Do you remember where you were 20 years ago today?
On Sept. 11, 2001, I leisurely made my way into work. I was 24, lived on Jeannie Lane right here in Muskogee but drove every morning to Tulsa for my happy-go-lucky writer/producer job at The TV Guide Channel. That day, I skipped the radio and listened to a CD for my 50-minute drive into Tulsa.
When I arrived at the office, I was surprised to find my co-workers gathered around one of the TVs in our common space. Due to the nature of our jobs, we all had televisions with full cable in each of our cubicles, but that morning they all gathered around one. I arrived just in time to find out that a plane had hit one of the towers of the World Trade Center. Minutes later, we watched in shock as the second plane hit live on the air. Little more than half an hour later, we learned a third plane hit the Pentagon. Not long after that, the brave passengers and crew of United Flight 93 thwarted the hijackers’ plan to crash a fourth plane into their final target, which experts believe was either the White House or the Capitol Building.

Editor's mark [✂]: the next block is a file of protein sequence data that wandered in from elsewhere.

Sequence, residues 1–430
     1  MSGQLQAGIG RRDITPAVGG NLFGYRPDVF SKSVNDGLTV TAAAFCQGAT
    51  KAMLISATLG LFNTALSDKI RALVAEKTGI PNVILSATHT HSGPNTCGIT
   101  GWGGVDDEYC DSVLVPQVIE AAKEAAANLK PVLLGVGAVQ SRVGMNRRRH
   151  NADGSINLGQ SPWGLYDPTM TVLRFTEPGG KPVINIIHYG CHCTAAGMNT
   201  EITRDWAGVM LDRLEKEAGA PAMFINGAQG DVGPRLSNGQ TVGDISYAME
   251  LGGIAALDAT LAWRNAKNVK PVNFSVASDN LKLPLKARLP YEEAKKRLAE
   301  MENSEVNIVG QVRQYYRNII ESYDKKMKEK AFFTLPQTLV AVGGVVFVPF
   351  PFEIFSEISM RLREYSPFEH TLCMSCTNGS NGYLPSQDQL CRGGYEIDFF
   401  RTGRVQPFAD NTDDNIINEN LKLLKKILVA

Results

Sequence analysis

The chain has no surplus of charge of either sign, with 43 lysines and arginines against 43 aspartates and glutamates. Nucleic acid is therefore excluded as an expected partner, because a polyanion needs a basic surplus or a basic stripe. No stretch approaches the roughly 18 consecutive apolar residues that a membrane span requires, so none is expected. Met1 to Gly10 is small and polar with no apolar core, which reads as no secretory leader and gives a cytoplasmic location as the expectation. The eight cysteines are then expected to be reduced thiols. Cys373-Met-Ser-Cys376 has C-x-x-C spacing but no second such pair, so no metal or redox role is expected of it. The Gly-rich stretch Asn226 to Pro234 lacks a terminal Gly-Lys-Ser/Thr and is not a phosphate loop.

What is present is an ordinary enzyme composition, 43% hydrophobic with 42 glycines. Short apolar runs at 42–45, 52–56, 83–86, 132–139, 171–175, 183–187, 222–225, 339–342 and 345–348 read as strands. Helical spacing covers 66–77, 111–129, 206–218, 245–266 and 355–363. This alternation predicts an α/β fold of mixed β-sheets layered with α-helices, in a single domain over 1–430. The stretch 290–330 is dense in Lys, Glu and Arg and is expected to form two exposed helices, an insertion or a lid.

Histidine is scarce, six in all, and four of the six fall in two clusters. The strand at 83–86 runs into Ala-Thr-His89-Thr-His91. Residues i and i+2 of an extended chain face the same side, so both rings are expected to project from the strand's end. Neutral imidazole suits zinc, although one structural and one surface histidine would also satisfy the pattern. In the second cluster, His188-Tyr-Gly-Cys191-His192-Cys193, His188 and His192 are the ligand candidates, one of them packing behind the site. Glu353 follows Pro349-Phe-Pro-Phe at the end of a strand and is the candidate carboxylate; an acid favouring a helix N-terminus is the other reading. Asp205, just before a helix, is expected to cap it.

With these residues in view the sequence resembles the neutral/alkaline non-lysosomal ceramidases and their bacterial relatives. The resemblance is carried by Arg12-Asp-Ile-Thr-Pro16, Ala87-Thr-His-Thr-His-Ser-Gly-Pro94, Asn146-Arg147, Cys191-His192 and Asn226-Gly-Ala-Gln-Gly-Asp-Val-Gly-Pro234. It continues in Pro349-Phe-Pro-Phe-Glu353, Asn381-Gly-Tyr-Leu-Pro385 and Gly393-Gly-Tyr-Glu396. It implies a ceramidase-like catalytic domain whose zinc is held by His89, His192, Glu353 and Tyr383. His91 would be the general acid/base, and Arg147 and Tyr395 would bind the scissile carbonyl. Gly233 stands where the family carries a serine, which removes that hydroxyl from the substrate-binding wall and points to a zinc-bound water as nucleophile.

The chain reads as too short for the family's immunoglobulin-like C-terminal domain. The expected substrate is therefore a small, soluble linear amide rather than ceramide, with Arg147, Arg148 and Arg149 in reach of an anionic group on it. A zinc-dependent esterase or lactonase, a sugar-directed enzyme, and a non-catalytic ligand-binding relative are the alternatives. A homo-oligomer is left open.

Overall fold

I’ve tried and failed to adequately explain to my daughter what it felt like as we collectively realized that what was happening was NOT an accident. Our whole world changed.
As I look over my adult life, there have been several big national moments we have experienced collectively— some traumatic, some beautiful filled with hope. This wave of the pandemic has me feeling much like I did in those early days post-9/11: the dread and uncertainty of what lies ahead coupled with the unsettling knowledge that we may never be the same again. I would prefer to live in more “precedented,” times but maybe there is no such thing. Indeed, everyone’s life has huge, gut-wrenching moments— some collective but many more private and personal. Every day someone’s whole world changes.
But we remember the heroes, don’t we? Those who run into fire. Those who hold the hands of the dying. Those who send money and resources to help with clean-up, rebuilding, medical bills. Those who step in to take care of the grieving left behind. The one who brings soup when we’re sick, or drives us to chemo, or shows up to cheer us on.
Our world right now needs more heroes. Not just big gesture heroes — but those willing to be kind. Those willing to add action to their thoughts and prayers. Those willing to act with the greater good in mind.
Holly Rosser Miller has lived and worked in Muskogee for 20 years.